Near the beginning of his treatise against Gnostic interpretations of the Bible, Against the Heresies, Irenaeus observes that Scripture is like a great mosaic depicting a handsome king. It is as if we were owners of a villa in Gaul who had ordered a mosaic from Rome. It arrives, and the beautifully colored tiles need to be taken out of their packaging and put into proper order according to the plan of the artist. The difficulty, of course, is that Scripture provides us with the individual pieces, but the order and sequence of various elements are not obvious. The Bible does not come with instructions that would allow interpreters to simply place verses, episodes, images, and parable in order as a worker might follow a schematic drawing in assembling the pieces to depict the handsome king. the mosaic must be puzzled out. This is precisely the work of scriptural interpretation.
Origen has his own image to express the difficulty of working out the proper approach to reading the Bible. When preparing to offer a commentary on the Psalms he tells of a tradition handed down to him by his Hebrew teacher:
The Hebrews said that the whole divinely inspired Scripture may be likened, because of its obscurity, to many locked rooms in our house. By each room is placed a key, but not the one that corresponds to it, so that the keys are scattered about beside the rooms, none of them matching the room by which it is placed. it is a difficult task to find the keys and match them to the rooms that they can open. We therefore know the Scriptures that are obscure only by taking the points of departure for understanding them from another place because they have their interpretive principle scattered among them.
As is the case for Irenaeus, scriptural interpretation is not purely local. The key in Genesis may best fit the door of Isaiah, which in turn opens up the meaning of Matthew. The mosaic must be put together with an eye toward the overall plan.
Irenaeus, Origen, and the great cloud of premodern biblical interpreters assumed that puzzling out the mosaic of Scripture must be a communal project. The Bible is vast, heterogeneous, full of confusing passages and obscure words, and difficult to understand. Only a fool would imagine that he or she could work out solutions alone. The way forward must rely upon a tradition of reading that Irenaeus reports has been passed on as the rule or canon of truth that functions as a confession of faith. “Anyone,” he says, “who keeps unchangeable in himself the rule of truth received through baptism will recognize the names and says and parables of the scriptures.” Modern scholars debate the content of the rule on which Irenaeus relies and commends, not the least because the terms and formulations Irenaeus himself uses shift and slide. Nonetheless, Irenaeus assumes that there is a body of apostolic doctrine sustained by a tradition of teaching in the church. This doctrine provides the clarifying principles that guide exegetical judgment toward a coherent overall reading of Scripture as a unified witness. Doctrine, then, is the schematic drawing that will allow the reader to organize the vast heterogeneity of words, images, and stories of the Bible into a readable, coherent whole. It is the rule that guides us toward the proper matching of keys to doors.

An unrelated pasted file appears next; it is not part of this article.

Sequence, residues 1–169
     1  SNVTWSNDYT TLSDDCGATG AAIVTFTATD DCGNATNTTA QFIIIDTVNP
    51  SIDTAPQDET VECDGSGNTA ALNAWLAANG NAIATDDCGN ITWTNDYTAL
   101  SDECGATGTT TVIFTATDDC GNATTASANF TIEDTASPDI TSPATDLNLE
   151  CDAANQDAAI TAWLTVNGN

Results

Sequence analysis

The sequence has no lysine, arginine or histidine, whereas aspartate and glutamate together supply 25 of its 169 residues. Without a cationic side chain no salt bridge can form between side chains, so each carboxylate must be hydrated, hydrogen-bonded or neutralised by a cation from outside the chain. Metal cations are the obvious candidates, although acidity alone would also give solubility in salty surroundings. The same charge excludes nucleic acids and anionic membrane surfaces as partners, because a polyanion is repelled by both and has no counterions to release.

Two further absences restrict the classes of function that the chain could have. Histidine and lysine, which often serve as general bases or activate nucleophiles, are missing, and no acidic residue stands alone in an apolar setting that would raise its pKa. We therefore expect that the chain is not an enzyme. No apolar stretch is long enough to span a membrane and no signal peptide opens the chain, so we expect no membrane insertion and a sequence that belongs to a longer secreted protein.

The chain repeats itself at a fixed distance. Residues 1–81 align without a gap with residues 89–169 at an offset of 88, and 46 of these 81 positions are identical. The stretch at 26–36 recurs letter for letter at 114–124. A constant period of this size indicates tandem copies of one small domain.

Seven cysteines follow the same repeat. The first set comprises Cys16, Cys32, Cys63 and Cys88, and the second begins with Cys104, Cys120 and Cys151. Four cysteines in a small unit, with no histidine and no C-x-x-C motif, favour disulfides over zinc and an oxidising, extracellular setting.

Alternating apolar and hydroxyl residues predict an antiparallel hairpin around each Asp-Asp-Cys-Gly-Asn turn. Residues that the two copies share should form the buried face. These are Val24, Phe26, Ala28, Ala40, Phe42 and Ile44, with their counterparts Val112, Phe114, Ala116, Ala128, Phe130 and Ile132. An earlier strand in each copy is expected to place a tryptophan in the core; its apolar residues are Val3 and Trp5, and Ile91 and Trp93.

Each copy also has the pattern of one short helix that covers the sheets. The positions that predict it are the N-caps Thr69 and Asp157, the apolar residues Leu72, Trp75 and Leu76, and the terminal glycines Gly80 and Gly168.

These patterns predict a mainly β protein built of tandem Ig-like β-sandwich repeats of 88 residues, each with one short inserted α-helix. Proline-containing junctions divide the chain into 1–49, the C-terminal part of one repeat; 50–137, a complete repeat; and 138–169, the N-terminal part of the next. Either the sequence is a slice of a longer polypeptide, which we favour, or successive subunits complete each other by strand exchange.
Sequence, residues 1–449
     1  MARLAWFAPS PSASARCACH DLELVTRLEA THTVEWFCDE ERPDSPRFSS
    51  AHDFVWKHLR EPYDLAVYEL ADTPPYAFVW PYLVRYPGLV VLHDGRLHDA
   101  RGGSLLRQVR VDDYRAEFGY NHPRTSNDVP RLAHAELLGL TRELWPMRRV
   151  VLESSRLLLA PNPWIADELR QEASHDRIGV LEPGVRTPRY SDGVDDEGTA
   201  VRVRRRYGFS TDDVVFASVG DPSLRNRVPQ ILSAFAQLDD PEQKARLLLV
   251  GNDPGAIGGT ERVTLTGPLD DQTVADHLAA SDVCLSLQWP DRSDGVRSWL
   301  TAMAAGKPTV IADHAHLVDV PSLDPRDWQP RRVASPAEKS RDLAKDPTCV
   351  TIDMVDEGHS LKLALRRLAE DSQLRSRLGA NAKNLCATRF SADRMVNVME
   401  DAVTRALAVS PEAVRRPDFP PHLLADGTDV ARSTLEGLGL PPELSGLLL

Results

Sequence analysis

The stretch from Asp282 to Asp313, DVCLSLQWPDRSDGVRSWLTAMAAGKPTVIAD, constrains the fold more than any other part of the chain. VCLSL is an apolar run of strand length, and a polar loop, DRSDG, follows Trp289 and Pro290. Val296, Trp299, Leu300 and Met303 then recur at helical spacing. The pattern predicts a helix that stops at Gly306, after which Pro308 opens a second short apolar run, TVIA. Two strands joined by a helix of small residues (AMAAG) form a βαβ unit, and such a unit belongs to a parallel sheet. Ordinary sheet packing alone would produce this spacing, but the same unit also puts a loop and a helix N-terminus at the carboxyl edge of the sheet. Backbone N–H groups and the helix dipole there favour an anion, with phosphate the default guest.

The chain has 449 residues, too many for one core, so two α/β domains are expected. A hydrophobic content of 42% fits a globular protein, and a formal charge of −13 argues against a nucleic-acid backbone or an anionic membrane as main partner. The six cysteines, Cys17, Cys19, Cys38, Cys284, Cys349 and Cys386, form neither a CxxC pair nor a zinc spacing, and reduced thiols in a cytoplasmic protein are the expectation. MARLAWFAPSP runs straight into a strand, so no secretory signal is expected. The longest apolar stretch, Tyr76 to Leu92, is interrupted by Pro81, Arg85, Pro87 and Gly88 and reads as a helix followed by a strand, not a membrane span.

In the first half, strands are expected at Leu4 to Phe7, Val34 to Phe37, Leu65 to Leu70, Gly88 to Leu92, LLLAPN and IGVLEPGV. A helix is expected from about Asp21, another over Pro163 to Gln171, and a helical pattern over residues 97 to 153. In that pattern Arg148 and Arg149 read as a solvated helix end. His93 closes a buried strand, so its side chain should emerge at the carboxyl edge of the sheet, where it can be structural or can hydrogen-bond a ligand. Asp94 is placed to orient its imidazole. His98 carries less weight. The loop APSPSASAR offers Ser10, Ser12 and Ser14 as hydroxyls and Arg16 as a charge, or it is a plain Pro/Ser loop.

Continue reading “Series Preface to the Brazos (SCM) Theological Commentary on the Bible”
“”Lord,” said St. Thomas Aquinas, “set my life in order; making me to know what I ought to do and do it in the way that I should.” The civilized world seems now to have reached the point at which only this prayer can save it; and the answer is already given us in the Christian creed. We talk much of reconstruction; but no one has yet dared to take the Christian’s profound beliefs about Reality as the basis of a reconditioned world. We treat them as dwellers in the plain treat the mountains. We lift up our eyes to their solemn beauty with respect; but refuse to acknowledge that plain and mountain are part of the same world. Yet the Creed is no mere academic document, no mere list of “dogmas.” It is an account of that which is; and every word it contains has a meaning at once universal, practical, and spiritual within the particular experience of each soul. It irradiates and harmonizes every level of our life, not one alone. All great spiritual literature does this to some extent; but the Creed, the condensed hand-list of those deep truths from which spiritual literature is built up, does it supremely. Continue reading “Evelyn Underhill on the Creed”